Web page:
The trail descends through a lightly wooded area of mature trees which are generously spaced and winds through the trees following the contour of the gentle slope. The length of the trail is approximately 300 feet, consisting of four to six sweeping turns, emerging from the stand of trees on a bench approximately 50 feet to the skiers' right of the Olympic Ridge ski run.
The Foxy Forest trail offers an extended trail experience for the more accomplished young skier/rider. Named 'Foxy' referring to the Red Fox, indigenous to this particular part of Bald Mountain…
A foxy adventure is sure to be had as young skiers/riders descend a serpentine path through a lightly forested area adjacent to the Upper Can Can Ski Run. The Foxy adventurer can expect to experience an exciting and fun filled tour.
This adventure trail area is located in the skiers' left hand side of the wooded area between Lower College, Upper Can-Can, Upper French Dip, and Lilly Marlane. The entrance to the trail is on the skiers' right of the Upper Can-Can ski run, approximately 100 feet below the Lower College ski run. The trail follows the natural contour of the slope, through the generously spaced trees, winding down the slope, back and forth, as it descends downhill towards Lilly Marlane. Approximately 100 feet above Lilly Marlane the trail turns to the skiers left and exits the wooded area on the far skiers left of the bottom of Upper Can-Can. This exit is protected by mature trees and offers an opportunity to stop and proceed the additional 50 feet down the left side of Upper Can-Can to the Lilly Marlane Road.
The Flume adventure trail offers an exciting and fun filled descent through a natural 'flume-like' path, a 'swale', naturally carved into the terrain. The Flume trail reminds us of the rich mining history of the Wood River Valley during the late 1800's. The trail is named after the Guyer Hot Springs Flume, a man-made trough that carried timber from Warm Springs logging sites to Frenchman's, stoking the furnaces in the Philadelphia Smelter at the confluence of the Big Wood River and Warm Springs Creek.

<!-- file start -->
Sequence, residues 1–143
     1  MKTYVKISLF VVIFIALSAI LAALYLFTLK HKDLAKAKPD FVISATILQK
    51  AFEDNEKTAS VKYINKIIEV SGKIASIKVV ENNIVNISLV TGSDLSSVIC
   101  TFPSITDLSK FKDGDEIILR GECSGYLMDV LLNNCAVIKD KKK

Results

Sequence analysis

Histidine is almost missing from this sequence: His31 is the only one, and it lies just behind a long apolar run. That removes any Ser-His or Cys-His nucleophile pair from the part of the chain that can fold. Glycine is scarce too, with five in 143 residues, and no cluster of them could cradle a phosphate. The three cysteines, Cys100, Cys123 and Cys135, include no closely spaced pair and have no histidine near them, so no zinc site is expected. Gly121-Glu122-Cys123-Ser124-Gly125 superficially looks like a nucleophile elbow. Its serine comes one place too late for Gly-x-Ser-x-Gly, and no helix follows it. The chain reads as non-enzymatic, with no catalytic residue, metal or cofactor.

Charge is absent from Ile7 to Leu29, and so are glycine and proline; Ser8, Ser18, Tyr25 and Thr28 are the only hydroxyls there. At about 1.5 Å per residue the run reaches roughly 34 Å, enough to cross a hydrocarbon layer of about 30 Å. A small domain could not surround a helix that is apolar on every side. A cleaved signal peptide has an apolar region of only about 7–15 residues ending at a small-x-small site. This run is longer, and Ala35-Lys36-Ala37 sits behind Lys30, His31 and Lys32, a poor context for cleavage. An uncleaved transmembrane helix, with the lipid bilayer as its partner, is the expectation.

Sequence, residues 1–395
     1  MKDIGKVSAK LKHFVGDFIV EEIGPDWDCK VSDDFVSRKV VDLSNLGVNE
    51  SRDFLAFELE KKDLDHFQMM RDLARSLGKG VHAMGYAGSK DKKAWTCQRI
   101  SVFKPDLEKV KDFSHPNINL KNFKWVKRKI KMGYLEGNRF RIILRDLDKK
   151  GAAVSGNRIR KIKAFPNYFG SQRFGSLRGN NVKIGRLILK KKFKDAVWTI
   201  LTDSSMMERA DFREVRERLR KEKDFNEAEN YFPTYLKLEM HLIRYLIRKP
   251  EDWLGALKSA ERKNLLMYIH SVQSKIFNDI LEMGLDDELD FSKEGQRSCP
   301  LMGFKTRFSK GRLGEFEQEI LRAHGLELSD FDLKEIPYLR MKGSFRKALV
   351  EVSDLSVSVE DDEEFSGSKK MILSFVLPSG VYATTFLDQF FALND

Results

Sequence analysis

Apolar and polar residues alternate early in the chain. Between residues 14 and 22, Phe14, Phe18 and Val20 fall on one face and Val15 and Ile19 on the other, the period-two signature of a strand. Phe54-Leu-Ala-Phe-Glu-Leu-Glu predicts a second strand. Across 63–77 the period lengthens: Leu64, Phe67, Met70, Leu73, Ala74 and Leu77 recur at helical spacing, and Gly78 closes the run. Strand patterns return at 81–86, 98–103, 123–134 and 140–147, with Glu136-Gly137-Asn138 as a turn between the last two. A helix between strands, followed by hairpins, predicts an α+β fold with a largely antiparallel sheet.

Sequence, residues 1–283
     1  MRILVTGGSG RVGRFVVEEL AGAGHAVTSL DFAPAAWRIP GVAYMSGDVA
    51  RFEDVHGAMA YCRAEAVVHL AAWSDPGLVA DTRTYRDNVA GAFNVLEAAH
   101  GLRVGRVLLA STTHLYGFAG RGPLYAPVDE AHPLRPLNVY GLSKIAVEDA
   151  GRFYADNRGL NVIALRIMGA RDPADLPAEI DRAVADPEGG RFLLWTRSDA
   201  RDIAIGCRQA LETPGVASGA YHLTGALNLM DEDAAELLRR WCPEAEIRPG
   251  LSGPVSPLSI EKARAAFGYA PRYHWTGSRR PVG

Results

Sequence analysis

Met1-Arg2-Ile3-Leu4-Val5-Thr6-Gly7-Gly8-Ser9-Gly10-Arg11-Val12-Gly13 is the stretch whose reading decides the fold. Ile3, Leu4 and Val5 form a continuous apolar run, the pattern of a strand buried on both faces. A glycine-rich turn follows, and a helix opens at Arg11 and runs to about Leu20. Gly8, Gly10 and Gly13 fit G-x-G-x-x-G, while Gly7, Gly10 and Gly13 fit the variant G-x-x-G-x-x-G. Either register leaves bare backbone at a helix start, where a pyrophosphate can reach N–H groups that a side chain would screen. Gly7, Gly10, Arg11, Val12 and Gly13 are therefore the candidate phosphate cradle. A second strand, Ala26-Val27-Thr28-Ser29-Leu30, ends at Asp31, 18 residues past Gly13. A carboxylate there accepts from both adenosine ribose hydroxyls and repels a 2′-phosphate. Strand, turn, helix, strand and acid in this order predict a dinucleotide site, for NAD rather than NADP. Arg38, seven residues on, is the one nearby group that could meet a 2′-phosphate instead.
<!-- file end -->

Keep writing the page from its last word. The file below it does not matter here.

The Flume adventure is for the most accomplished rider/skiers, and offers the excitement of a flume ride as it twists and turns, descending into Frenchman's.
This adventure trail is located in the area bordered by the Au Jus ski run, Lilly Marlene, and the French Connection Road. The entrance to the trail is approximately 25 feet down run, towards Au Jus on the access trail, leaving Lilly Marlene. The trail winds down a gentle swale, side to side, which has its high point at the intersection of Lilly Marlane and the Au Jus access trail, and its low point at the intersection of the swale and the French Connection road, approximately 25 feet from the skiers right of the Au Jus ski run. The total run length is approximately 300 feet.
The Red-Headed Wood Pecker trail is a fun and exciting tour though a large stand of Lodge Pole Pines, the beautiful habitat of the Pileated Woodpecker, a majestic creature indigenous to Bald Mountain. Standing more than 24 inches tall, this incredible bird ushers the young adventurer through a winding path with a distinct forested feel.
The Red-Headed Woodpecker trail is a great way for kids to explore our wooded mountain areas and maybe see a Red-Headed Woodpecker or two.
This adventure trail is located in the area bordered by the Broadway ski run and the lower third of Christin's Silver ski run. The trail is entered from the tree line at the skiers left of Christin's Silver, approximately 300 feet above the low point of the stand of trees. The trail follows the natural contour of the slope and winds through woods with a gentle descent and five to six turn, emerging from the wooded area on a bench, between Broadway and Christin's Silver ski runs. This trail can be easily extended uphill and can be bisected into two contiguous segments, exiting and re-entering onto Christin's Silver.